Hackers can take control of your smart TV, warns FBI

Hackers can take control of your smart TV, warns FBI

Hackers turn on smart TV camera to record couple having sex and upload it on adult website; Here's how to protect yourself

On Black Friday, sales hit a record of $7.4 billion in the United States and one of the most popular items purchased were new smart TVs - TVs that have all of the streaming capabilities built into them. While that is certainly a most-welcomed upgrade, it does come with a considerable potential downside. With the arrival and growth of Netflix, Hulu and other streaming services, most TVs connected to the Internet were a cable cutter's dream.

They are internet connected so this is where the possible issues can start. The agency warned hackers can take control of unsecured TVs to cyber-stalk their end-users, for instance.

"A bad cyber actor may not be able to access your locked-down computer directly, but it is possible that your unsecured TV can give him or her an easy way in the backdoor through your router".

How to protect your smart TV from being hacked? Once the hacker has entered the network, other devices become susceptible, as well.

So what are the FBI's tips in order to better secure yourself having purchased a new smart TV for Black Friday?

Active attacks and exploits against smart TVs are rare, but not unheard of. A cybersecurity probe later found that the smart TV in his bedroom had been infiltrated by hackers and its in-built camera was used to capture the footage.

The FBI's Portland field office recently posted a blog on its website about the security threat that smart TVs pose, particular as it is an element of their design manufacturers may not pay as much attention to, according to the organisation.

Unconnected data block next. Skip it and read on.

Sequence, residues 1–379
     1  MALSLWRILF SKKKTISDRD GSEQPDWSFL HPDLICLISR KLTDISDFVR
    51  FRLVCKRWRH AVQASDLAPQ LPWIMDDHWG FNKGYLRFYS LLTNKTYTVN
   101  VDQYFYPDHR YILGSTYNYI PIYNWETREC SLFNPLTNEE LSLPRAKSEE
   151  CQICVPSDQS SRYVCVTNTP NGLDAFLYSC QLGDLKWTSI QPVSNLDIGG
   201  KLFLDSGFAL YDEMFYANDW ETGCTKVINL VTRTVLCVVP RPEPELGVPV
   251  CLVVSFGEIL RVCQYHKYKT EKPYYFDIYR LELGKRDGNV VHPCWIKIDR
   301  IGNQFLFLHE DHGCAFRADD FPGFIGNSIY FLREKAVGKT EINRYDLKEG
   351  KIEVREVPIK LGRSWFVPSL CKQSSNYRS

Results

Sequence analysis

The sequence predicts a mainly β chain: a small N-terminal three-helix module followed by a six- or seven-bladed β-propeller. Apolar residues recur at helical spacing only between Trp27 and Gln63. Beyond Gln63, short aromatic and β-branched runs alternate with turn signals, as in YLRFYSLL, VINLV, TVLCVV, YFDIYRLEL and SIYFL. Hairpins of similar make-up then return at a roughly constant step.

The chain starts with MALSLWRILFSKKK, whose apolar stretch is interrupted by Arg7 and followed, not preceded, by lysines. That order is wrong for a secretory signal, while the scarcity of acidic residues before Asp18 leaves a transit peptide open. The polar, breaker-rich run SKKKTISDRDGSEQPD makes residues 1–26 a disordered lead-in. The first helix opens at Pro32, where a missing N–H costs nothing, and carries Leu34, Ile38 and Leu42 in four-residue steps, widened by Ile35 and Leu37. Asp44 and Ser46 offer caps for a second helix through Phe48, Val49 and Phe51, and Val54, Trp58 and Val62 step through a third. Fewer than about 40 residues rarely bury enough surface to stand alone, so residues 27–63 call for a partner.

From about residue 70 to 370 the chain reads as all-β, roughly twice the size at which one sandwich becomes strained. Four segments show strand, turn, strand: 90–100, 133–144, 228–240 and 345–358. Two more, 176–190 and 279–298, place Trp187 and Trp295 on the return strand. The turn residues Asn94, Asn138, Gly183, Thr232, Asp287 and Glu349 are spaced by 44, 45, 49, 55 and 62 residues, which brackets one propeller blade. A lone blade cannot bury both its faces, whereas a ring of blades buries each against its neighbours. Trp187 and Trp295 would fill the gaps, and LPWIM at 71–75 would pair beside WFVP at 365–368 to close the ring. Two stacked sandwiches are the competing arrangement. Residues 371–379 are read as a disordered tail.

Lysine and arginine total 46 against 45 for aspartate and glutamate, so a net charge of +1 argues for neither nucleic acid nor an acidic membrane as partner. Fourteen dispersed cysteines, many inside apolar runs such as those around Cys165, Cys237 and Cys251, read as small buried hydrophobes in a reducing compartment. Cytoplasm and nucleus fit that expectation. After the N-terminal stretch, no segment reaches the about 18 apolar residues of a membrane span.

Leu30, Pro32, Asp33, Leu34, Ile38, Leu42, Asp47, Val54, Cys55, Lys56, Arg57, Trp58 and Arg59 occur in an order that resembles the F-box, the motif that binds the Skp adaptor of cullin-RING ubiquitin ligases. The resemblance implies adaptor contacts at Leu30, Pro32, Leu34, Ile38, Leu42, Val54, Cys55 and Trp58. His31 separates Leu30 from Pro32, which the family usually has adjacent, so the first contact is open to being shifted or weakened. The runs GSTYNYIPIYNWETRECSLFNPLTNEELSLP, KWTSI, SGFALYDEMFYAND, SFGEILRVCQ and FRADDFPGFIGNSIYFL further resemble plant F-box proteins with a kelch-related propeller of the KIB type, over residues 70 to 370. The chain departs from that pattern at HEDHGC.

Since every Smart TV comes with its manufacturer's own software, users are at the mercy of their capricious and erratic security patches.

Earlier this year, the Washington Post discovered that some of the most popular smart TV manufacturers, including Samsung and LG, collect tons of information about what users are seeing to help advertisers better target ads against their viewers. and suggest what to see next, for example.

Just in time for the holiday season, the Federal Bureau of Investigation posted a warning in a blog post last week cautioning users about the risks that are associated with Smart TVs. It's as simple as googling your model number along with the words "microphone", "camera", and "privacy". Second, they were instructed not to depend on the default security settings.

3-If you can't turn off a camera but want to, a simple piece of black tape over the camera eye is a back-to-basics option. And, as we've learned in the past, hardware companies that are making these internet-connected devices don't always make security their priority. If you are unable to disable them, take this into consideration when purchasing that particular TV model.

5-Check the privacy policy for the TV manufacturer and the streaming services you use.

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